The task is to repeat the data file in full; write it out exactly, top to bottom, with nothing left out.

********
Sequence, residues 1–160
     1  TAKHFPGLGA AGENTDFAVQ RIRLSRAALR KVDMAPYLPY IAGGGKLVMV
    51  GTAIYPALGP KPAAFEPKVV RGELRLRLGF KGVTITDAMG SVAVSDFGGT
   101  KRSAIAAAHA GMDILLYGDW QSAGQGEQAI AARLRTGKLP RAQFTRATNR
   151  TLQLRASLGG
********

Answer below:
Sequence, residues 1–160
     1  TAKHFPGLGA AGENTDFAVQ RIRLSRAALR KVDMAPYLPY IAGGGKLVMV
    51  GTAIYPALGP KPAAFEPKVV RGELRLRLGF KGVTITDAMG SVAVSDFGGT
   101  KRSAIAAAHA GMDILLYGDW QSAGQGEQAI AARLRTGKLP RAQFTRATNR
   151  TLQLRASLGG